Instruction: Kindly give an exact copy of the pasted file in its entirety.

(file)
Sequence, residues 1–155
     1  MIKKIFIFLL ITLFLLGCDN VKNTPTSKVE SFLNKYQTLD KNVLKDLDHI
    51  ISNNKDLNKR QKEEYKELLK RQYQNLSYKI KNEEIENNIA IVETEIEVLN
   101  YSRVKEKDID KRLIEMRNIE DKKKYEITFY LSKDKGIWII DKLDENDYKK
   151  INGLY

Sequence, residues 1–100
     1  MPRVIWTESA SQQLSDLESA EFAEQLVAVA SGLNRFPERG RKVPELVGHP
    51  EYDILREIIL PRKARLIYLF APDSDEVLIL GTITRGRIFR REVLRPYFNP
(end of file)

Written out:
Sequence, residues 1–155
     1  MIKKIFIFLL ITLFLLGCDN VKNTPTSKVE SFLNKYQTLD KNVLKDLDHI
    51  ISNNKDLNKR QKEEYKELLK RQYQNLSYKI KNEEIENNIA IVETEIEVLN
   101  YSRVKEKDID KRLIEMRNIE DKKKYEITFY LSKDKGIWII DKLDENDYKK
   151  INGLY

Sequence, residues 1–100
     1  MPRVIWTESA SQQLSDLESA EFAEQLVAVA SGLNRFPERG RKVPELVGHP
    51  EYDILREIIL PRKARLIYLF APDSDEVLIL GTITRGRIFR REVLRPYFNP